A man who donated his mother's body to what he thought was Alzheimer's research learnedlater it was used to test explosives. So what does happen when your body is donated to medicalscience?
Last week new details of a lawsuit emerged against The Biological Resource Centre in Arizonafollowing an FBI raid in 2014 in which gruesome remains of hundreds of discarded body partswere discovered.
The now closed centre is accused of illegally selling body parts against the donors wishes.
Newly released court documents revealed that families of those whose bodies had been donatedto the centre said they believed their relatives remains would be used for medical and scientificresearch.
Jim Stauffer is one of the multiple plaintiffs suing the centre. He believed his mother's donatedbody would be used to study Alzheimer's, a disease she had, but he later found out it was usedby the military to examine the effects of explosives.
He says on the paperwork he was given by the centre he specifically ticked 'no' when asked ifhe consented to the body being used to test explosives.
So how does the body donation business operate in the US and what expectations do peoplehave about these facilities?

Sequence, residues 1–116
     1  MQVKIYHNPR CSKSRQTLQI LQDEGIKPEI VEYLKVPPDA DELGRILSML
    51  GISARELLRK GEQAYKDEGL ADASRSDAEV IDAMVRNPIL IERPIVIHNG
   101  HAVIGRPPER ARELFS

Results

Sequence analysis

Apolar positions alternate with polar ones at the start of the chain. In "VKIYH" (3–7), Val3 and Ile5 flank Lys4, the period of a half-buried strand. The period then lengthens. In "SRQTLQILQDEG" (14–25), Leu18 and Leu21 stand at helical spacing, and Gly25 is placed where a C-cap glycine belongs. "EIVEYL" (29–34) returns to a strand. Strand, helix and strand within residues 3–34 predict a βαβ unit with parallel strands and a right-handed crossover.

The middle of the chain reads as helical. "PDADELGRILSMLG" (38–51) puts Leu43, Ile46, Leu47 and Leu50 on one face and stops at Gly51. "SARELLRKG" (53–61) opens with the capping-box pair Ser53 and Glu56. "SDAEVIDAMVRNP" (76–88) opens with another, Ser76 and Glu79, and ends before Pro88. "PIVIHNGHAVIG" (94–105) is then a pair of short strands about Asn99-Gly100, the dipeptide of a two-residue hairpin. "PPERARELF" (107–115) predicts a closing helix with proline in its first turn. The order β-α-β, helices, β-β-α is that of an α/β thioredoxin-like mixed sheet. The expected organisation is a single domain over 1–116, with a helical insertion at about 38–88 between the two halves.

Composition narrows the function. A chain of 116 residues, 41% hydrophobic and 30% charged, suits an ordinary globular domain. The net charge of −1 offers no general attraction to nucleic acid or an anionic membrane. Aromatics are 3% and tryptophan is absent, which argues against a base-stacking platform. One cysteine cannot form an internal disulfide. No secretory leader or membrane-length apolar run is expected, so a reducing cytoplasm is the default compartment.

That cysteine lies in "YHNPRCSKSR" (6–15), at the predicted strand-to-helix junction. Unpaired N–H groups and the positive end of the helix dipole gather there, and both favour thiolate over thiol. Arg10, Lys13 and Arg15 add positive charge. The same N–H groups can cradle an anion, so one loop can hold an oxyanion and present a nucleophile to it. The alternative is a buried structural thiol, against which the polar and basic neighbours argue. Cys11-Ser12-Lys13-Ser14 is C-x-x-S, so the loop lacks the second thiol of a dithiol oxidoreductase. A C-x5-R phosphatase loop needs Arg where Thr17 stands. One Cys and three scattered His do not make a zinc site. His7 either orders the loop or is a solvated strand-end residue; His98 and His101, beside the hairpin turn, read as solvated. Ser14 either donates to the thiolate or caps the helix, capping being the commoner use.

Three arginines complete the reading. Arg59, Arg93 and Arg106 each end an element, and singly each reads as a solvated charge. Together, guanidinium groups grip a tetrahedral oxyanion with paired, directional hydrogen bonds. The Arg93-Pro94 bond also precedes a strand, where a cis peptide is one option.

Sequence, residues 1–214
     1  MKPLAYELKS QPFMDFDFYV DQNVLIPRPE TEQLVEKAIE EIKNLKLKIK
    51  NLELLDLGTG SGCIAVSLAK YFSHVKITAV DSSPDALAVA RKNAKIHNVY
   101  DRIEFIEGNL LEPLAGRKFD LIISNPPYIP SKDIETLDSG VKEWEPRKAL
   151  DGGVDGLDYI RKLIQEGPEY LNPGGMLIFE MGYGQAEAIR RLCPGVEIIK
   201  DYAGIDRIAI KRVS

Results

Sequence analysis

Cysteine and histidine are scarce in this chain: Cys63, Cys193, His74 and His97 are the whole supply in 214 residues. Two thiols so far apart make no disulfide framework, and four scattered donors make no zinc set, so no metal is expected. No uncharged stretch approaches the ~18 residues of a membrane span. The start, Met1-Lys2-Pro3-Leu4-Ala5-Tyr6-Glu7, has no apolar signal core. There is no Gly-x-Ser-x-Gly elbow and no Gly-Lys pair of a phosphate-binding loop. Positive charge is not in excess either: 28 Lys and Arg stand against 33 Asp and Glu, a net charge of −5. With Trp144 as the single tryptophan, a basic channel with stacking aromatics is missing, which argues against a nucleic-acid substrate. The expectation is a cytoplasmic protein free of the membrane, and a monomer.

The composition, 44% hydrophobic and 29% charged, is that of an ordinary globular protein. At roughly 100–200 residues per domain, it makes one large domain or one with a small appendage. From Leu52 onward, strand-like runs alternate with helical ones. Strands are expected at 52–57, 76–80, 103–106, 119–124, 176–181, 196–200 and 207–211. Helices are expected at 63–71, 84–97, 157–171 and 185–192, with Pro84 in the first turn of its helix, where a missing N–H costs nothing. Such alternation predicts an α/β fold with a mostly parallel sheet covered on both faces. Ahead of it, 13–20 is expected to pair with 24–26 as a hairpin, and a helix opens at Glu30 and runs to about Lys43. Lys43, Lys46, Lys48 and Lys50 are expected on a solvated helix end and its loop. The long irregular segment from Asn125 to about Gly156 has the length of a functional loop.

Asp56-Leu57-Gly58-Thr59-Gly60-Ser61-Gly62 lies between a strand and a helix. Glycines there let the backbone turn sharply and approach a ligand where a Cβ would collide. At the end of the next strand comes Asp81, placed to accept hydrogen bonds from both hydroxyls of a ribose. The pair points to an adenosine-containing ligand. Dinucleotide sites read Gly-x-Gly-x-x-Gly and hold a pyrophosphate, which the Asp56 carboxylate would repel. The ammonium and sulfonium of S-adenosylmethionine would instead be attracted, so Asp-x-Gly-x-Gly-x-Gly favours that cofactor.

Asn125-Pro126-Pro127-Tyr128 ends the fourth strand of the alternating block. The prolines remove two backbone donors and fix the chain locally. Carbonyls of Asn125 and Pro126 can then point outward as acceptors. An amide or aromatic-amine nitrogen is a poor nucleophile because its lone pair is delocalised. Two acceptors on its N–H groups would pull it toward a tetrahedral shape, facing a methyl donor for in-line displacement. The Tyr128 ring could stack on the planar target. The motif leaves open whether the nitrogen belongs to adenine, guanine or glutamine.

While organ donation is regulated by the US Department of Health and Human Services, body donation remains an unregulated industry.
Buying and selling bodies is a felony but what is permissible is charging a "reasonable" amount to "process" a body, this includes the removal, storage transportation, or disposingof it.
What constitutes a "reasonable" amount is also open to interpretation. Facilities are largelyable to set up their own internal practices and policies.
There is also no known national or global register to account for how many bodies aredonated for medical research each year.
But it's estimated thousands of people in the US donate bodies for education or research, believing their actions are charitable and the bodies will be used for medical science.
University body donation centres will mostly use cadavers to teach medical students and manysuch as The University of California are committed to operating a transparent programme.
Brandi Schmitt, executive director of anatomical services at the University of California, toldthe BBC that what happens to a donated body depends on the kind of centre it goes to.
In other countries, religious beliefs may impact upon decisions to donate a body for medicalresearch. For example in some African countries even organ donation is a taboo, anddesecration of the body is considered contrary to some religious teachings.
In Qatar a hospital where human body parts are imported for cutting-edge medical scienceresearch has been operating for 12 years. Surgeons there do not use replica body parts but"specimens".
In a highly bureaucratic process that involves the joint work of six government ministries, real human body parts (mostly shoulders, knees, ankles and torsos) are imported to thehospital, with most of the supply coming from the United States.